4. The curve and allied decking camber seems to be for effect and is unnecessary, A straight line is the shortest distance between two points, so presumably would be slightly cheaper and would provide a preferable level decking across the width of the bridge although a slight rise in the centre is acknowledged for the benefit of small boats. In addition, with good design, there is no reason a straight bridge cannot be as aesthetically pleasing as this curved proposal

  5. There is another reason for a straight bridge. It would leave more room for a rail crossing to Mangere Bridge township and on to the airport if the Onehunga line is selected for extension.
    In this blog there have been discussions whether the Onehunga line is preferable or whether a branch from Otahuhu through Mangere Central would be better but it is my contention that even if the latter is selected, the Onehunga line should be extended to Mangere Bridge and terminate there rather than at Onehunga as at present. There is already provision for one track to cross the harbour under the existing motoway bridge and a single track return bridge would not bankrupt NZTA.
    There is plenty of room for a station behind the shops on the eastern side of Coronation Road and the extension would greatly enhance the catchment to employment on the city side. And take cars off the airport motorway.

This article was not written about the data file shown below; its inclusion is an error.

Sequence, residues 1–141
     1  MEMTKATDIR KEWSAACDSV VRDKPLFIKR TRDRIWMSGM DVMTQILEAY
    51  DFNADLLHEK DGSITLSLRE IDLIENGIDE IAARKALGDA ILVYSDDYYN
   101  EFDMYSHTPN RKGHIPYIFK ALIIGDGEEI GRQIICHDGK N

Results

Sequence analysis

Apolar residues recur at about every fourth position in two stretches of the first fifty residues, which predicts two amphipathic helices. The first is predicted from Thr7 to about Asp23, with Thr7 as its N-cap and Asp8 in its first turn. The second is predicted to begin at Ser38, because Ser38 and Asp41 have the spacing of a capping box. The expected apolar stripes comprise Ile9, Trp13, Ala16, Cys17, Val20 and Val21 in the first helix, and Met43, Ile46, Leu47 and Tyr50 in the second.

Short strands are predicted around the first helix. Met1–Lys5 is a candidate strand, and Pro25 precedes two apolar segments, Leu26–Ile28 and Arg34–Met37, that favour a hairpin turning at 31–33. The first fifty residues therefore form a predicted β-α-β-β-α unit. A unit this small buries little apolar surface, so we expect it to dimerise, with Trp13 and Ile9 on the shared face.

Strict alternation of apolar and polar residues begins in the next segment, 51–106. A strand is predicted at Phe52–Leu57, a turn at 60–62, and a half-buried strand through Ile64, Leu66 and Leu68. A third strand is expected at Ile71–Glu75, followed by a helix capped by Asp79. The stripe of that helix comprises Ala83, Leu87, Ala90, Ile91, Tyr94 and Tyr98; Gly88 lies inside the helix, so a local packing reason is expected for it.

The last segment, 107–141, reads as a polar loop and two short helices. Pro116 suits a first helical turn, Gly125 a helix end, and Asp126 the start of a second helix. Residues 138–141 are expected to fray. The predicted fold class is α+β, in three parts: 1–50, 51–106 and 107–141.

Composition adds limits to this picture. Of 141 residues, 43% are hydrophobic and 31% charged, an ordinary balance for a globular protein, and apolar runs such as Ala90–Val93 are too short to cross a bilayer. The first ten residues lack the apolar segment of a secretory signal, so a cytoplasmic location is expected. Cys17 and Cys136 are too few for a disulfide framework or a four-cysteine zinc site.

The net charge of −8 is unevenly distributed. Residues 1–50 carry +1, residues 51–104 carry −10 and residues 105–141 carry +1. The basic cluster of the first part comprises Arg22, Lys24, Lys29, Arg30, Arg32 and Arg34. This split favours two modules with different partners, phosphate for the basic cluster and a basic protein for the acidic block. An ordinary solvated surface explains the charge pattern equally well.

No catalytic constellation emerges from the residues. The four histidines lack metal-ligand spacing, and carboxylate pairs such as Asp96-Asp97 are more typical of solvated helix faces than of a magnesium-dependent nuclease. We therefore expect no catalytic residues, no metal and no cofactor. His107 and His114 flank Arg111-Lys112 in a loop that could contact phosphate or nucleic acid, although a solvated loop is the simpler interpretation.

The lack of a rail designation to the airport is a glaring planning omission by NZTA and a real dereliction of responsibility by this government who persist in mono modal and profligate roading expenditure to Auckland’s civic detriment.

  6. I don’t believe so. I understand there is provision in the design for the addition of a single rail track under the motorway using the same piers.

  7. Another thing that the designers need to consider is that there are a number of mopeds who use the current bridge, so there needs to be enough width in the bike lane for them as well, because otherwise they’d have to go around Otahuhu way as they cannot exceed 50km/h, no one wants to hit anyone, although I’m more worried about a stray hook from an angler than anything with wheels on the bridge.

    I agree with those saying why tf does the bridge need to curve?! Purely for aesthetics is stupid and costly. It’s a transport link for those who are unable to go on the motorway, exactly what every cyclist wants is extra distance on their morning ride to work (-_-)

    And a rail link would be great, it astounds me that such an international city as ours doesn’t have a rail like to the airport, especially since other public transport out of the airport is expensive (Airbus) or convoluted. If we have a rail link you’d actually be able to go through the area during public holidays without being stuck in traffic leading to the domestic terminal.

Leave a Reply